Molly Peterson Environment Correspondent
Molly Peterson is an award-winning environment correspondent at Southern California Public Radio.
Molly has reported, edited, directed programs, and produced stories for NPR and NPR shows including "Day to Day" and KQED's "California Report." She was a contributing producer for Nick Spitzer's weekly music program, "American Routes," and reported for "Living on Earth" in the Gulf of Mexico after Hurricanes Katrina & Rita. Prior to joining KPCC, she produced a nationally-distributed radio documentary about New Orleans called "Finding Solid Ground."
A former LA Press Club radio journalist of the year, Molly reported on the faulty pumps installed at New Orleans canals after Hurricane Katrina. That project was a finalist for an Investigative Reporters and Editors award.
Molly worked for NPR American legal affairs correspondent Nina Totenberg during the Clinton Impeachment.
She studied international politics at Georgetown University's School of Foreign Service, and graduated from UC Hastings College of the Law. She is an inactive member of the State Bar of California.
Molly was lucky enough to grow up climbing northern California trees and fishing eastern Sierra waters.
Stories by Molly Peterson
Santa Monica based Heal the Bay’s annual Beach Report Card is out. While the group found cleaner beaches in LA county, the dirtiest spots are familiar ones.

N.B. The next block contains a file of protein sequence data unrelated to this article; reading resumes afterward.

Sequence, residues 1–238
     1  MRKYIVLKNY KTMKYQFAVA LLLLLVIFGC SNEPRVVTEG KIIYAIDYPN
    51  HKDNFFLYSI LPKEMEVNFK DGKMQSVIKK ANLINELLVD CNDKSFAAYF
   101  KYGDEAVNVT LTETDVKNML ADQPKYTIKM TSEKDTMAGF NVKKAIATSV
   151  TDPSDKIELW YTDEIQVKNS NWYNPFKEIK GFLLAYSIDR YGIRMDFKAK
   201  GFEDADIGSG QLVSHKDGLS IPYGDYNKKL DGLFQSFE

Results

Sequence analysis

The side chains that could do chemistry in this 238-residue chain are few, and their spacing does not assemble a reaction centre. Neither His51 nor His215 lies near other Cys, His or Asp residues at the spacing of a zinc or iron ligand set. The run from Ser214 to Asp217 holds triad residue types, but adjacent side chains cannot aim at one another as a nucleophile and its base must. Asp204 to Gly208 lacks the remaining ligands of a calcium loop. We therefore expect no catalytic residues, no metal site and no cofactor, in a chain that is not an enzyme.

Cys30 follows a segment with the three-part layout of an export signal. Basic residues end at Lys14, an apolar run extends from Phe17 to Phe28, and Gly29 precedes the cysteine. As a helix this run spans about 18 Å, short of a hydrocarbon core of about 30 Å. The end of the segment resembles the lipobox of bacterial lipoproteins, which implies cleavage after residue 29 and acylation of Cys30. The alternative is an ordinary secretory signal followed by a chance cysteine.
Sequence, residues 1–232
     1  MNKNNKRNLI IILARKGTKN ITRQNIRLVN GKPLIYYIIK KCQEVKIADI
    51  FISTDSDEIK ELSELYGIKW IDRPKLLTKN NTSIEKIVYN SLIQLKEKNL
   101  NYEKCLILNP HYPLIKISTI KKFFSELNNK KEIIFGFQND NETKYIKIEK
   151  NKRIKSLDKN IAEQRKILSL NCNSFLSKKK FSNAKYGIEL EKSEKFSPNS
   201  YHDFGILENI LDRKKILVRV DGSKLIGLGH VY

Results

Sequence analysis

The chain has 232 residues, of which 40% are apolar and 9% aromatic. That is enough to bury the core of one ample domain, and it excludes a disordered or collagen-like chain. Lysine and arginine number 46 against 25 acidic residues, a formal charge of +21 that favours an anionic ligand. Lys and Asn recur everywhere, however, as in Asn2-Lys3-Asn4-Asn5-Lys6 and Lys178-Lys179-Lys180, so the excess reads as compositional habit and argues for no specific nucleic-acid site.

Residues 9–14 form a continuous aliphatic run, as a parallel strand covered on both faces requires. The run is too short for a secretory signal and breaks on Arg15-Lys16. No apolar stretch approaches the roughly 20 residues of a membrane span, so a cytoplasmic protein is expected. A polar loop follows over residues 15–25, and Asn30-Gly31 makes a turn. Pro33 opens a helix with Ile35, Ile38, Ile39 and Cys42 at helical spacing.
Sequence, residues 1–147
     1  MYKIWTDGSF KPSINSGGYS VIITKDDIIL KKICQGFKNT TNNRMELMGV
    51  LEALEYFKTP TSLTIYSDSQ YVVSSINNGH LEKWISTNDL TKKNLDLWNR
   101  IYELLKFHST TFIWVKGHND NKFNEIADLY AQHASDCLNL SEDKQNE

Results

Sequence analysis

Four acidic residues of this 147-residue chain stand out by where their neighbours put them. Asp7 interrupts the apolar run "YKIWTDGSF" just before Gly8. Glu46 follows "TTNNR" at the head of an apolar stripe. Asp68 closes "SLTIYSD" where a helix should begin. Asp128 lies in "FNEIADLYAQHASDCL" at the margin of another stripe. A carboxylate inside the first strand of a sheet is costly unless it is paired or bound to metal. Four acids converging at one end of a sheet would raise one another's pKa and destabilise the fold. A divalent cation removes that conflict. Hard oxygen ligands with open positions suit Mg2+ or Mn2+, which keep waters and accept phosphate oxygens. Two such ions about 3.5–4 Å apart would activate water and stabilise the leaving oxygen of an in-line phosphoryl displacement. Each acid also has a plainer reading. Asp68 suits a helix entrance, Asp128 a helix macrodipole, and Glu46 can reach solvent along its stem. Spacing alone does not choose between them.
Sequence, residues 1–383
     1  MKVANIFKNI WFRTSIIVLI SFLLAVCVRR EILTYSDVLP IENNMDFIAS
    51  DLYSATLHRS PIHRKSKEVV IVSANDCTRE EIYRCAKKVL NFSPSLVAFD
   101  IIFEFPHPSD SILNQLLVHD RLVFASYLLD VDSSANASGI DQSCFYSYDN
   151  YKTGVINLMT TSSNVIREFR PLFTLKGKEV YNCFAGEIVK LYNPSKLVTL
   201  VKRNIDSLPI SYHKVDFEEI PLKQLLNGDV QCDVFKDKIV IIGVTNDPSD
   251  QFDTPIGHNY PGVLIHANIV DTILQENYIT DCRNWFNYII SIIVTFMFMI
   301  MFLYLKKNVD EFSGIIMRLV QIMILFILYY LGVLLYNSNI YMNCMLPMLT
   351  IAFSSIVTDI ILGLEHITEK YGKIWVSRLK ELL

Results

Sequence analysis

LA's next mayor will face the challenge of increasing the local supply of water, maintaining momentum on mass transit projects, and fighting pollution in toxic hotspots.
The Long Beach City Council has authorized the city attorney to sue the city of Los Angeles over the Southern California International Gateway.
Governor Jerry Brown plans to balance the budget with $500 million from a program to fight climate change - a move that has stirred up clean air advocates.
The LA City Council voted 11 to 2 in favor of the $500 million project, known as the Southern California International Gateway. An environmental group vows to sue.
Port businesses and labor unions will square off against community groups as the LA city council considers a $500 million railyard planned near Wilmington.
Governor Jerry Brown will work toward reforming Proposition 65, a law passed a quarter-century ago that aims to protect Californians from harmful chemicals.
After years of lawsuits and angry protests, Malibu Lagoon State Beach is scheduled to reopen on Friday. Officials say they've restored the lagoon's health.
Local air regulators want to ban beach fire rings, saying they're unhealthy. But Orange County and some of its cities are fighting the proposal.
Tickets to the surprise Rolling Stones show at the Echoplex have sold out, according to AEG and the band's Twitter account.
Students from two L.A. Unified School District high schools cleaned up at the U.S. Academic Decathlon. But there could only be one overall champion.
Exide Technologies recycles 22 million car batteries a year, but its own reports reveal its processing contaminates soil around the plant.
Scott Claassen took a year off from cars and all other types of vehicles and mechanical devices. He called it a Carbon Sabbath.
Sheik Mustafa Umar says Islam teaches Muslims to be stewards of the earth, its creatures, and its resources. Worship god and protect what belongs to god, he says.
More from Huntington Beach friar Christian Mondor, on his affinity for French Jesuit philosopher Pierre Teilhard de Chardin's views on faith and evolution.